• Participation can be used to build consensus • The whole is more than the sum of its parts, if
amongst people with different vested interests. managed competently.
However, participation is not always about consensus. • Partners have different skills and can achieve things
Where people have different views it can mean in different ways.
agreeing to speak with a majority voice. • Different groups have access to different policy
makers.
• When dealing with delicate political situations, • Working together with like-minded institutions and
participation can become 'the art of the possible' individuals allows the comparative advantages of
seeing how far you can go/what you can say, whilst each member to be identified and exploited, and
keeping a delicate coalition together. duplications avoided.
Creating sustainable change • Participation allows different groups of people to
• Changes brought about on behalf of people in the define their own roles, to tell you what they want to
south, however well intentioned and well planned, are do, what they can do, and what they think you could
unlikely to be sustainable without some sort of do.
mandate from them. • Participants should not be exploited as a resource,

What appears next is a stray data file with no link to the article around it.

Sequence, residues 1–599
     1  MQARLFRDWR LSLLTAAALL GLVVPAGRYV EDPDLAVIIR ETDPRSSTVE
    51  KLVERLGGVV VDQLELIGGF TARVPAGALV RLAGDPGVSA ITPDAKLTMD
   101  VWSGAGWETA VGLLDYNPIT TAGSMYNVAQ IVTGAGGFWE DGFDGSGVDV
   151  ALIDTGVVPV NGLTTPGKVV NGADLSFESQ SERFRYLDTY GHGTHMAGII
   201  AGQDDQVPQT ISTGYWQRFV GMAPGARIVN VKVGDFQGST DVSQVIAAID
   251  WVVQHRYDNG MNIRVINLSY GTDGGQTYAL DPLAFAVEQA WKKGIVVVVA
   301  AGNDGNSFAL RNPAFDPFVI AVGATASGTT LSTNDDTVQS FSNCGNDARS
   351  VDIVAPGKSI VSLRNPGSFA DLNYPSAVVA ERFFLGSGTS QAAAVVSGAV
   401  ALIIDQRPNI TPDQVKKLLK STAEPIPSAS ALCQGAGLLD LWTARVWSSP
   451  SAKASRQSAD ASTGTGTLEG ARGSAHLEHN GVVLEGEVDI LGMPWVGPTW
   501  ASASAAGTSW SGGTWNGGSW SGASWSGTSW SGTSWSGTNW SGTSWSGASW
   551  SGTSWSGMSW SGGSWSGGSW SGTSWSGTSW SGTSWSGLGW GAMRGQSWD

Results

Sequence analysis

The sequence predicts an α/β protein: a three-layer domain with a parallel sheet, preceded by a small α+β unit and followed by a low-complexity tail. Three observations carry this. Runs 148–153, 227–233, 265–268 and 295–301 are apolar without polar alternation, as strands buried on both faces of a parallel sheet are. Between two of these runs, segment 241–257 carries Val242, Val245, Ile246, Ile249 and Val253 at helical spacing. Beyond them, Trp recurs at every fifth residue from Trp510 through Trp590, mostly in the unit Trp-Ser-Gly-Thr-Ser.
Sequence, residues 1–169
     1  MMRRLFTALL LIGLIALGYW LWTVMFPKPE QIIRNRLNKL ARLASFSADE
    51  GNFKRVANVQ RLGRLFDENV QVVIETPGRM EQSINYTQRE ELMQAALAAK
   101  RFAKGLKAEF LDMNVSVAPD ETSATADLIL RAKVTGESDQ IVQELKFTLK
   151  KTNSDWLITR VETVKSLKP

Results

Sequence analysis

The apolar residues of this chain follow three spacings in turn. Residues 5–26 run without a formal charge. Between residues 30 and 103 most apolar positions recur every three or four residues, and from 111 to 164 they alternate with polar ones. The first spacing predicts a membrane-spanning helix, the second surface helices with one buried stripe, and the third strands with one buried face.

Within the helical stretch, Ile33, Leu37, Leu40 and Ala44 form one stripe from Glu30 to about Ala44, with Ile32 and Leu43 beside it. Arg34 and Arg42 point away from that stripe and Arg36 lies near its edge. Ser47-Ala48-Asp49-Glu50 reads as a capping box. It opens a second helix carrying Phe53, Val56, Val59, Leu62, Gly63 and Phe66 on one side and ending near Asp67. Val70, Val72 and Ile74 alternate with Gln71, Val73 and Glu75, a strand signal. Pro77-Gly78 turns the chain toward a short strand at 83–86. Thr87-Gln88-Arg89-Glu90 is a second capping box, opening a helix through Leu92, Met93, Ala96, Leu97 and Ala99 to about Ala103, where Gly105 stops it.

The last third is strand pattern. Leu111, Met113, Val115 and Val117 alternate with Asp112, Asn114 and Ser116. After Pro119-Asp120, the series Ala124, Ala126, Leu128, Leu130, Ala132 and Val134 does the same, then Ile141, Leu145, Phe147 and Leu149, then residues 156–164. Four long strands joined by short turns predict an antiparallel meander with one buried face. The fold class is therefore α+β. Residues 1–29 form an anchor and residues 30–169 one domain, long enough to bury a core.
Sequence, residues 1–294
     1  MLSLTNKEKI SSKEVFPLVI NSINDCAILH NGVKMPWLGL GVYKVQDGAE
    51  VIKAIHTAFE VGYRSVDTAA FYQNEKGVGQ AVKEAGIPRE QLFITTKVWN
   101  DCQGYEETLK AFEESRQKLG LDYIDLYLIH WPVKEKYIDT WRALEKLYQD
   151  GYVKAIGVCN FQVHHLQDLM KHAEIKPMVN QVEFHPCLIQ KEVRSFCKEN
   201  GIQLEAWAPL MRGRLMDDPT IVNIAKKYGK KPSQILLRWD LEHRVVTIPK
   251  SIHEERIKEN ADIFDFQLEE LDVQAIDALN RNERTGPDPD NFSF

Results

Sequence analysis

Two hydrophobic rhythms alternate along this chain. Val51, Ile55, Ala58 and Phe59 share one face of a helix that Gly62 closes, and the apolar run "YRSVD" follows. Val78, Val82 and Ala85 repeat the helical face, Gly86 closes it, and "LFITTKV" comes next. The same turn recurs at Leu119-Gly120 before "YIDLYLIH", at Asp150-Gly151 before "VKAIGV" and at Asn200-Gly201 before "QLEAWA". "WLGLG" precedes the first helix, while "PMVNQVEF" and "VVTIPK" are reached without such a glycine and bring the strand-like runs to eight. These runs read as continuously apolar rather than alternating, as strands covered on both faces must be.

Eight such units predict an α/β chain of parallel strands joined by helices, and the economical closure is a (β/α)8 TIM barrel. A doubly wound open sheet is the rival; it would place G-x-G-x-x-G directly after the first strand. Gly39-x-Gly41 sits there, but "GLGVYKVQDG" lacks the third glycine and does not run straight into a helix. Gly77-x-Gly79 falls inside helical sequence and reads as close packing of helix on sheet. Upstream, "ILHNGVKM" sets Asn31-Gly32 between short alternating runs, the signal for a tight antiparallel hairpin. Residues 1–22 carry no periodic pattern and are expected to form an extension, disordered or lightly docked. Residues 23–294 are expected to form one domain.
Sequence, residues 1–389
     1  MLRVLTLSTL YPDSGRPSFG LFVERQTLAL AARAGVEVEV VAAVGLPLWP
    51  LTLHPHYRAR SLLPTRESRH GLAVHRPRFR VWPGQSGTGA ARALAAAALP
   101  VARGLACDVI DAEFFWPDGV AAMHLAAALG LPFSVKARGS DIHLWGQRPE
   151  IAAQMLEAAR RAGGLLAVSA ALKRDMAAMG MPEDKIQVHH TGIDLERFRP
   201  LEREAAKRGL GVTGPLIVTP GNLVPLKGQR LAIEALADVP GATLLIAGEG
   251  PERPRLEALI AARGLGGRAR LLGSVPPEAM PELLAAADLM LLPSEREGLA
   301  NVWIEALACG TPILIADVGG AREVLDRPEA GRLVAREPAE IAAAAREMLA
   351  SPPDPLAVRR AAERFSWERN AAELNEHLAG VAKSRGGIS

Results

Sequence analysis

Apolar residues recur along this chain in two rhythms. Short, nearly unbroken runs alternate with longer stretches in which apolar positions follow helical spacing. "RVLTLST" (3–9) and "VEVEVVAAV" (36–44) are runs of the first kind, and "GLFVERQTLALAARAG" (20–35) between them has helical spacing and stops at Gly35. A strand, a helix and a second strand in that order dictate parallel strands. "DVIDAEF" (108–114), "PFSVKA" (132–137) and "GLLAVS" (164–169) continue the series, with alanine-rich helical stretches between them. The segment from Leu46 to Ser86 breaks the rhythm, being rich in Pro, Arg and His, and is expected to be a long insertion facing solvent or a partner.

either for their 'legitimacy' or for their labour.
• Building advocacy capacity in the south enables poor • Northern NGOs learn from experienced and skilled
people themselves to analyse their problems, identify advocates in the south.
pathways to solving them and in the long-term, bring
about the sorts of changes which will be sustainable
for them.

BOND Guidance Notes Series 4


PARTICIPATORY ADVOCACY - WHERE TO START?
1. Identify your objectives in sufficient detail to present enable stakeholders to be kept
to stakeholders as a basis for discussion. informed and to participate
actively in all appropriate stages of
2. Make a list of all stakeholders who you might want the project (e.g. meetings - how
to invite to be involved. regular? What language? Where?
How funded? Email, newsletters,
3. Analyse the potential advantages and problems of fax etc).
working with those identified.
7. Prepare for the first meeting by
4. Identify, for at least one key stakeholder (a) the analysing what your organisation
expectations which you imagine that stakeholder has can contribute to the campaign,
of your advocacy work (b) the responsibilities which and what role you might have?
you imagine that stakeholder will be willing to take on.
8. Establish early on how subsequent meetings /
5. List ways in which each of the parties could be information sharing processes will be managed and
supported in their advocacy work to strengthen the who will take responsibility for keeping things moving